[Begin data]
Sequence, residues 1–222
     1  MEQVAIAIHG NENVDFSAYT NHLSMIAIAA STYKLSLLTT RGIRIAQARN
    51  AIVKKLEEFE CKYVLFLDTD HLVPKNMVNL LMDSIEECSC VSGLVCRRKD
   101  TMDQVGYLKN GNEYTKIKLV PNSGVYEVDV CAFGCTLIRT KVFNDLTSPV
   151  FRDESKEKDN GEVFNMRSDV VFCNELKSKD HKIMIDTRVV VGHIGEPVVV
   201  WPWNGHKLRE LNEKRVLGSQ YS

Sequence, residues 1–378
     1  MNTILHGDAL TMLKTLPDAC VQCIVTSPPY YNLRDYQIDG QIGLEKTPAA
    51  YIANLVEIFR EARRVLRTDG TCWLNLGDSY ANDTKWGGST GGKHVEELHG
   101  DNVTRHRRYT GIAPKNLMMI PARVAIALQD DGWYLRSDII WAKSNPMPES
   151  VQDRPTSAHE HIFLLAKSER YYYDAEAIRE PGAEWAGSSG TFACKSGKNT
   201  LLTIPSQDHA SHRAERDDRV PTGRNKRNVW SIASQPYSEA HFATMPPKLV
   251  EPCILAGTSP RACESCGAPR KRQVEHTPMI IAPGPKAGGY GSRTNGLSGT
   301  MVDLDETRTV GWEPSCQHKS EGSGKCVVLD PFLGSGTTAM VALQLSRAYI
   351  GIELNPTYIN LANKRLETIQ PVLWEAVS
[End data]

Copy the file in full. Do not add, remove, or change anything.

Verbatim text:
Sequence, residues 1–222
     1  MEQVAIAIHG NENVDFSAYT NHLSMIAIAA STYKLSLLTT RGIRIAQARN
    51  AIVKKLEEFE CKYVLFLDTD HLVPKNMVNL LMDSIEECSC VSGLVCRRKD
   101  TMDQVGYLKN GNEYTKIKLV PNSGVYEVDV CAFGCTLIRT KVFNDLTSPV
   151  FRDESKEKDN GEVFNMRSDV VFCNELKSKD HKIMIDTRVV VGHIGEPVVV
   201  WPWNGHKLRE LNEKRVLGSQ YS

Sequence, residues 1–378
     1  MNTILHGDAL TMLKTLPDAC VQCIVTSPPY YNLRDYQIDG QIGLEKTPAA
    51  YIANLVEIFR EARRVLRTDG TCWLNLGDSY ANDTKWGGST GGKHVEELHG
   101  DNVTRHRRYT GIAPKNLMMI PARVAIALQD DGWYLRSDII WAKSNPMPES
   151  VQDRPTSAHE HIFLLAKSER YYYDAEAIRE PGAEWAGSSG TFACKSGKNT
   201  LLTIPSQDHA SHRAERDDRV PTGRNKRNVW SIASQPYSEA HFATMPPKLV
   251  EPCILAGTSP RACESCGAPR KRQVEHTPMI IAPGPKAGGY GSRTNGLSGT
   301  MVDLDETRTV GWEPSCQHKS EGSGKCVVLD PFLGSGTTAM VALQLSRAYI
   351  GIELNPTYIN LANKRLETIQ PVLWEAVS